Dr. John Sentamu, Archbishop of York, is outraged at those responsible for short selling shares in HBOS, labelling them as “bank robbers” and “asset strippers”.
Addressing the annual dinner of the Institute of Worshipful Company of International Bankers at Drapers Hall in the City of London, Dr. Sentamu said:
“To a bystander like me, those who made £190million deliberately underselling the shares of HBOS, in spite of its very strong capital base, and drove it into the bosom of Lloyds TSB Bank, are clearly bank robbers and asset strippers.
“We find ourselves in a market system which seems to have taken its rules of trade from Alice in Wonderland, where the share value of a bank is no longer dependent on the strength of its performance but rather on the willingness of the Government to bail it out, or rather on whether the Government has announced its intentions so to do.”
You should read the whole thing (via Ben Sternke and Maggi Dawn). Of course, a lot of people are outraged about the whole situation. The “bailout” package is so large that it’s not at all uncommon to hear people dropping not merely one but three decimal places when talking about it. At least until it started getting reported as “almost three-quarters of a trillion dollars.” It’s $700 Billion, with a “B.” Staggering. Yes, Mr. American taxpayer, $2,300 of that is yours. A family of four, you say? Oh, too bad! At least it’s still only four figures. Well, anyway, it was very nice of you to swoop in and buy up 80% of AIG, for example, investing in a dead horse in hopes that the expensive vitamins will bring it back to life. Realistically, nobody would take on these investments in the state these companies are in. Already own shares in AIG? Sorry, your 100 shares just lost 80% of their value. And you’re still getting the tax bill. Well, eventually… in the meantime, it’ll probably just be appended to the national debt, sending it well over $10 Trillion. That’s “trillion,” with a “T”.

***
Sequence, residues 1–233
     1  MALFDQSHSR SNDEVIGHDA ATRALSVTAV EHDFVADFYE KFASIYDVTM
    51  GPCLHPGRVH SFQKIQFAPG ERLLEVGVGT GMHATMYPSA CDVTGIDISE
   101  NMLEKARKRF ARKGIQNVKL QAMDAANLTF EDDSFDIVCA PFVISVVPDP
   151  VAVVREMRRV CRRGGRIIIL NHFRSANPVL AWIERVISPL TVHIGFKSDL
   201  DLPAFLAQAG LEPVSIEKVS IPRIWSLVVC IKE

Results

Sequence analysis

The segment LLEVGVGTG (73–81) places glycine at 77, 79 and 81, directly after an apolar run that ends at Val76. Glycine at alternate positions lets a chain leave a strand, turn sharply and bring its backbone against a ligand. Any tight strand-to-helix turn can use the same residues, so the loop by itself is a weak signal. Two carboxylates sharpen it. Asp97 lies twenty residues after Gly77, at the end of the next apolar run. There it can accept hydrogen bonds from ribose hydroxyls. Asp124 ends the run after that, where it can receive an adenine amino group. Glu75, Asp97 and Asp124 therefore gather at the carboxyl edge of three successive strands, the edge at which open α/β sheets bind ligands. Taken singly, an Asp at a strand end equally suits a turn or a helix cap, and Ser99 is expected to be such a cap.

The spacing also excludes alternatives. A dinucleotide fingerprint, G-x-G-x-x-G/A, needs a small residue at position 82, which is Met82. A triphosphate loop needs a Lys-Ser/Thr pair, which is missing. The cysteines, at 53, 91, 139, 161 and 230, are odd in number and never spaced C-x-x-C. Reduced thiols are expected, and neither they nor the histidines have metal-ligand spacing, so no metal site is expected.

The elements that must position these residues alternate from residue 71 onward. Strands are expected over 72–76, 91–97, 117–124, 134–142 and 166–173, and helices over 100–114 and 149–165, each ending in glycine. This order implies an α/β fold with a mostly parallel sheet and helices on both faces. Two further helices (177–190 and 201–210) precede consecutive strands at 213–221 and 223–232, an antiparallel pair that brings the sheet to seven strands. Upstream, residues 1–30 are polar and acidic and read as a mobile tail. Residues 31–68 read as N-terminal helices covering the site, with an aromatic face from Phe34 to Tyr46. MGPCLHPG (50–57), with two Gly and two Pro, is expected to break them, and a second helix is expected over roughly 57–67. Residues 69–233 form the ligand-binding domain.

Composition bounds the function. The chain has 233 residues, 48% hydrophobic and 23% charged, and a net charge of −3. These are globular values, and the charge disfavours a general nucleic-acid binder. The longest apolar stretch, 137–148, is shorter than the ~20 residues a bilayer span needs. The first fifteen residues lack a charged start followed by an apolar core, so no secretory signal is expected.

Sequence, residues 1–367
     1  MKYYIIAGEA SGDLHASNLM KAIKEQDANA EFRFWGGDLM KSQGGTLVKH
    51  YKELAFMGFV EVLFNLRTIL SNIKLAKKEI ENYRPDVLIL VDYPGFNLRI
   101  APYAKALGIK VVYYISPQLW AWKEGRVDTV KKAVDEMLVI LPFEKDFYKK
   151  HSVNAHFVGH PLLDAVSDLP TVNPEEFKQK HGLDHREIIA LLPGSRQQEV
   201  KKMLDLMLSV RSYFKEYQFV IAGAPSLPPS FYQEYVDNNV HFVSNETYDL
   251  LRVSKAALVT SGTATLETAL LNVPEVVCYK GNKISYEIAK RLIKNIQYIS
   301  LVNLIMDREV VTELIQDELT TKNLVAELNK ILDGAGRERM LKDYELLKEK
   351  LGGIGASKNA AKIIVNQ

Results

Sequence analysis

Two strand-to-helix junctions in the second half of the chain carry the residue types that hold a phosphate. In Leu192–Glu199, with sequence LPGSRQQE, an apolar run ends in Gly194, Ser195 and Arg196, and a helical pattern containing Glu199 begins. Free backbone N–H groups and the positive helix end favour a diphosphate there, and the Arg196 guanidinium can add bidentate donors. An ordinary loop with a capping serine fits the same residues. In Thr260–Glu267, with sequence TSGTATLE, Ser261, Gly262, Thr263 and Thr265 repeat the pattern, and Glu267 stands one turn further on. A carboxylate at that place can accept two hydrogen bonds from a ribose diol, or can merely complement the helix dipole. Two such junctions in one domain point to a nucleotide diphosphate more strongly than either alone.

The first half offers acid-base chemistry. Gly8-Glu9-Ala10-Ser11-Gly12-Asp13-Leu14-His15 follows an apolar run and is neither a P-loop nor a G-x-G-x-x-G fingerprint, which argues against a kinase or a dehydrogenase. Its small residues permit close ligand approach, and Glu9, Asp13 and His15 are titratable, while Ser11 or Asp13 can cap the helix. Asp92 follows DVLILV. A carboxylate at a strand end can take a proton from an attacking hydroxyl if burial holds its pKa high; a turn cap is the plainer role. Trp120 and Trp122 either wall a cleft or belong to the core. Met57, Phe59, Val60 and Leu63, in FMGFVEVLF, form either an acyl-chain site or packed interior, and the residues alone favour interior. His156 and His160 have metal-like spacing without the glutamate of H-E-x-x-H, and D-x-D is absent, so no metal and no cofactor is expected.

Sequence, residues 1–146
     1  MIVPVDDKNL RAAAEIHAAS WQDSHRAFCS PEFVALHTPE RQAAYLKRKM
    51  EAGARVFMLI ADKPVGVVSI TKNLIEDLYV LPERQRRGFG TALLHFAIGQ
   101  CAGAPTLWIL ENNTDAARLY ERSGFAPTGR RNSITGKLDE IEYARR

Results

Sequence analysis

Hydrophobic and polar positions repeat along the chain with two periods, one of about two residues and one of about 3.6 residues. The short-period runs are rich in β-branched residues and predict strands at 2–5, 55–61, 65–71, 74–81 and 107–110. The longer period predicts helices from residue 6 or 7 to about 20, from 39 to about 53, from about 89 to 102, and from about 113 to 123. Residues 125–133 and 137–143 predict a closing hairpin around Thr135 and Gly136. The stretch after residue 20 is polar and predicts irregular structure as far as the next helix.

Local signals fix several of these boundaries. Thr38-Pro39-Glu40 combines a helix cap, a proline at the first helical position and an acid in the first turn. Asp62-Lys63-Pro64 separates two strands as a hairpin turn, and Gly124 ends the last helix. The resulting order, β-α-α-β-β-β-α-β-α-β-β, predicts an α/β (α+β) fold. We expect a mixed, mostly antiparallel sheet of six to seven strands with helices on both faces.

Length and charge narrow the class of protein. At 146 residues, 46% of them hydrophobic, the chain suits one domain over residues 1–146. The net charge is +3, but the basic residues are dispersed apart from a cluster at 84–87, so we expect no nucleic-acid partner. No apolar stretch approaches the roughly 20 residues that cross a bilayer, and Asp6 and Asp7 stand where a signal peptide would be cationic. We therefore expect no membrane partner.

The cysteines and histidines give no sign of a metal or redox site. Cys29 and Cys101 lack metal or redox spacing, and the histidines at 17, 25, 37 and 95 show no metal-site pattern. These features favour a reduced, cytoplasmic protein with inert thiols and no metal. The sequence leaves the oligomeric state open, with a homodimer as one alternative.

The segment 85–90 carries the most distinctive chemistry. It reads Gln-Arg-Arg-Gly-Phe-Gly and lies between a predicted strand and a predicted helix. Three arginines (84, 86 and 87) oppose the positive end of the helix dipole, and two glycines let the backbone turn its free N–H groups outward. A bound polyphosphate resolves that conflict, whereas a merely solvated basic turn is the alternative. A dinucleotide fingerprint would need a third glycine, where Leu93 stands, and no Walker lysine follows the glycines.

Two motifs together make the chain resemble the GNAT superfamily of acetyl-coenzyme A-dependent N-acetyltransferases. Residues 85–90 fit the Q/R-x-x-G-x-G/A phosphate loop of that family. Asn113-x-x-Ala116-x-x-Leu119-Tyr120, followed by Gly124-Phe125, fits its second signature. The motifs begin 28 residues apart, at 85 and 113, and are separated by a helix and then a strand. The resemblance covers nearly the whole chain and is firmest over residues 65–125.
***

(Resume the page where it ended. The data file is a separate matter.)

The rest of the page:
Now, we must acknowledge that the cash being thrown at the problem is “simply” to avert an even bigger financial catastrophe that nobody wants to think about for very long in any of its significant gory detail. But see here… this morning my kids are browsing the World Vision Gift Catalogue to see what they might be able to raise some money for by Christmas time. A goat? Ducks? An alpaca? A camel? In each case, they learn how the particular animal is able to help out a family or a village. And Dr. Sentamu is talking about the lack of funding for the Millennium Development Goals due to be discussed at the United Nations.
Dr. Sentamu said: “Tomorrow morning I will attend a meeting to launch a campaign of ‘Education for All’ as part of the global effort to achieve the Millennium Development Goals, including the eradication of global poverty by 2015. Of course for such a target to be achieved there needs to be stable financial systems. There needs to be stable financial systems. Without a solid global economic base to work from, the eradication of world poverty would be an even greater task. But as one columnist recently noted, “the President of the United States recently announced a $700 billion bailout plans for banks and financial institutions. One of the ironies about this financial crisis is that it makes action on poverty look utterly achievable. It would cost $5 billion to save six million children’s lives. World leaders could find 140 times that amount for the banking system in a week. How can they now tell us that action for the poorest on the planet is too expensive?“
(Emphasis added.) It seems too great a trouble for the world — or even the G8 — to procure $5Billion by 2015 to save the lives of 6 million people in extreme poverty, but one of those nations can come up with $700Billion by the end of the week to prop up its financial system. Maybe it’s all about spending close to home? To save you the math, $5Billion is 0.07% of $700Billion. The interest rate on the national debt should be somewhere around 5.5% or less, meaning that the interest on the bailout package is about 7.5 times the sought-after $5Billion. To put it another way, the interest payments alone on $700Billion would be sufficient to save 6 million lives in extreme poverty every seven weeks.
On the other hand, I understand Obama wants to go further, spending $845Billion to eradicate global poverty by 2015. That’s $2450 each, if you’re counting — but for a goal like that it seems more… I don’t know… noble?
One thing that comes of this whole scenario… the goal of ending poverty, globally, should seem just that much more achievable. The big question that remains: just how will you now look them in the eyes and tell them it can’t be done?
Thanks for your thoughts. I agree that we definitely need to rethink everything in regard to the way we think about spending our money.